Seven days ago I never thought I’d make it. I made it through a week of school. I was meltdown-free for Mandatory Family Game Night. I even made it through church this morning sans incident, despite sitting next to an old woman whose hand was more scab than skin. No idea how I did it. I suppose I was just focused on my goal. I didn’t rub myself or lick anything on a dare. And I held my tongue; I didn’t whine, complain, or make fart noises.
Yes, without hesitation, Mother, I can assert that I deserve to be bought Twinkies today.
We’re almost there. This is the post-church grocery store trip and it’s where most of our family’s fights begin. Inevitably, this trip shatters the high we’re all feeling after leaving church. No, we’re not at all spiritual, we all just detest every bit of the ninety boring minutes we spend in God’s house each week and are near-euphoric when it’s finally over. Between the singing, the clothes, and the old women with perfume that smells like dirty rabbit cages, church is the single toughest event to tolerate each week. With Twinkies on the line today though, I zoned in. My little brother, Martin, couldn’t take it; throughout the whole service he squirmed and writhed all around the pews before chewing a hole in his clip-on tie out of anger.
We’ve just cleared the Fruits and Vegetables section and I haven’t said a word. I don’t care that Mom’s only thrown four moldy bananas, a large plastic bag of creamed cauliflower, and a rotten apricot in the cart so far; none of that matters. There’s a light at the end of this darkness, and that light is a tasty, golden Twinkie. I’ll stomach all frustratingly tragic culinary atrocities she makes in that kitchen so long as I know there’s an authentic, pre-packaged Twinkie to cleanse my palate afterwards.
She’s testing me. Mom’s piling cans of salted herring and free-range smelt into the cart, not just because it’s in the already-expired clearance race but because she’s passive-aggressively trying to get me to snap so she can justify not buying Twinkies. She’s looking for a fight and she’s not going to find it. Doesn’t matter how many embarrassing personal anecdotes she broadcasts to everyone within earshot or how many strangers she insists on showing that wallet picture of three-year-old me, naked on the toilet in a pirate hat with a caption that reads “Pirate’s Booty.” History will remember me with the man who was crushed in Tiananmen Square and the Vietnamese monk who set himself on fire in protest. The three of us: a trifecta of visionaries who never let their pain distract them from their goal.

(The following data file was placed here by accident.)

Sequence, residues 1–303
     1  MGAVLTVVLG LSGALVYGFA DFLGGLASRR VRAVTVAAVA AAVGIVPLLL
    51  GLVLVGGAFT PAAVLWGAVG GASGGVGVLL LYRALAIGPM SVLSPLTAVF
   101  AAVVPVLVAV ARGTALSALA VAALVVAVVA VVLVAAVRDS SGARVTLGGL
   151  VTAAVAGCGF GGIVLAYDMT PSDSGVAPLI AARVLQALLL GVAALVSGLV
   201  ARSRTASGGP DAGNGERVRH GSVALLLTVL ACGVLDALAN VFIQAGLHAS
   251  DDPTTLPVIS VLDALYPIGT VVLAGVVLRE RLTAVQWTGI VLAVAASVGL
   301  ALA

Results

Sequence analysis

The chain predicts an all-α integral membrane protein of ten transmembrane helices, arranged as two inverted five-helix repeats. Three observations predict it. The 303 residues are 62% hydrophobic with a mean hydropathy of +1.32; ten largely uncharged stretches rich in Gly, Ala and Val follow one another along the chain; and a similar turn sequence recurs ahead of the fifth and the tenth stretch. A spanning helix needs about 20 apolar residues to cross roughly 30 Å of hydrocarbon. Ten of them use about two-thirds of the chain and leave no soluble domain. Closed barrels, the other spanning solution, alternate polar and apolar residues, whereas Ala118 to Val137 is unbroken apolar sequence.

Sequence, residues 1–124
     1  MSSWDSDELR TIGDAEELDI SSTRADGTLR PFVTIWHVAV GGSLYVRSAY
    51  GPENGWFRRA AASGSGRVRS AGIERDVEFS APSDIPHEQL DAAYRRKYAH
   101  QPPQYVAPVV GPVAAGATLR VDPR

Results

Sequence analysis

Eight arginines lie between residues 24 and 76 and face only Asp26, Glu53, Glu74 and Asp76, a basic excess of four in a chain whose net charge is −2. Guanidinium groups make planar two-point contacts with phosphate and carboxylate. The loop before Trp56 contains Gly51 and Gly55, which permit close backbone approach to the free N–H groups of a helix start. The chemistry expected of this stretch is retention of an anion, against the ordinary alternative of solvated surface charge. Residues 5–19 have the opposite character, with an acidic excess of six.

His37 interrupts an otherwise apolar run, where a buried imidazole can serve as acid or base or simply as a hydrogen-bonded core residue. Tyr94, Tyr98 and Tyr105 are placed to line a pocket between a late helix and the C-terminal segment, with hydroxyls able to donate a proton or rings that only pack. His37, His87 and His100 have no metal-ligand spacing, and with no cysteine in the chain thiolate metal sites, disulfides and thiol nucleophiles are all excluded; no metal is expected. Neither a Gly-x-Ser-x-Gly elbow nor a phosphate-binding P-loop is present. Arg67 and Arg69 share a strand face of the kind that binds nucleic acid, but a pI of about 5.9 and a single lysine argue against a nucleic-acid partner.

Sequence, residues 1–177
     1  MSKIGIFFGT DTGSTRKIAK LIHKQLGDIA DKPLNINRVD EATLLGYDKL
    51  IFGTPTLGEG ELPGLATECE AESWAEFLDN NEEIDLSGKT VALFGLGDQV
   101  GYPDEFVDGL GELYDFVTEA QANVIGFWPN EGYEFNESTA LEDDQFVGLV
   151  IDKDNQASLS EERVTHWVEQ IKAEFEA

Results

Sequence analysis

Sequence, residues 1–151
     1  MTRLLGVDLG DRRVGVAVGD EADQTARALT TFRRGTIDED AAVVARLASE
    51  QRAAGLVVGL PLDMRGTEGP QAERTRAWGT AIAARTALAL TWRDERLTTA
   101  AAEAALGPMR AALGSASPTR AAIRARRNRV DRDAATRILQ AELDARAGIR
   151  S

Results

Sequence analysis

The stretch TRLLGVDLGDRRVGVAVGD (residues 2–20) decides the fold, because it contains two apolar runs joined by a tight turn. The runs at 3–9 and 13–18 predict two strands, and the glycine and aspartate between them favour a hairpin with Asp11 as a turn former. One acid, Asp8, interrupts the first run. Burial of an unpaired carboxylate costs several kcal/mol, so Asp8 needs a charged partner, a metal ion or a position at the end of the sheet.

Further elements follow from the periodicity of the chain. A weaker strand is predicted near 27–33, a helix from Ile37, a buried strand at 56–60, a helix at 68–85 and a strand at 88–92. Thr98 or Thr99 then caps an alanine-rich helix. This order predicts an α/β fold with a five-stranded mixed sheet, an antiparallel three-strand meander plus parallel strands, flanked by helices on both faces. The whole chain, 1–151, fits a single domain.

The bait isn’t for Martin, but he’s taking it all. He’s protesting everything entering the cart and sobbing like a war widow when he invariably loses every argument. My brother reaches his breaking point in the Dairy section and whips a discounted cup of sesame chicken flavored Yoplait out of the cart and square into a lazy-eyed teenage girl’s crotch. Chaos ensues; spilled yogurt, tears, and screaming fill the aisle almost instantly. I bite my tongue—there’s Twinkies on the line and I’m not doing anything to jeopardize those.
The Dairy section incident has literally thrown off Mom’s game. She’s flustered as we pass through Frozen Foods, Cereal, and Condiments, no doubt trying not to succumb to a stress ulcer or the desire to beat Martin in public. By contrast, I can do no wrong. I’m not going to get cocky, but at this point I could probably pee all over that cardboard display filled with fair-trade coffee and still be walking out of here with Twinkies.
I maintain the quiet, respectful course. We’re nearly done and Mom’s pushing the cart down the aisle of sweets. Calm, composed, and reverent, I can nearly taste that lukewarm, room-temperature cream permeating every nook in my tight, wet mouth.
As we approach the Twinkies, Martin, that impulsive fuck, blurts, “Aww, Twinkies! Mom, get them!”
In a knee-jerk reaction, Mom snaps a quick, “No, you’ve been nothing but horrible today, Martin.”
“What if,” I cut in, “You just got them for me, Mom?”
“I see what you’re doing. You know if we have them in the house Martin will still have Twinkies. That’s nice of you to try to help your brother, but Martin hasn’t been good and he is not getting Twinkies today. End of story.”
“No, you didn’t hear—”
“I’m sorry, end of story,” she stated as she heads for the checkout.
It’s hits me. Martin is in for the leg beating of a lifetime this afternoon. I’ll bide my time and methodically ensnare him when no one else is around and let my fists of Twinkie-less fury rain down on his tiny legs with the force of ten-thousand gorillas. In the end I’ll be fine; vengeance will taste much sweeter than any prepackaged snack cakes.
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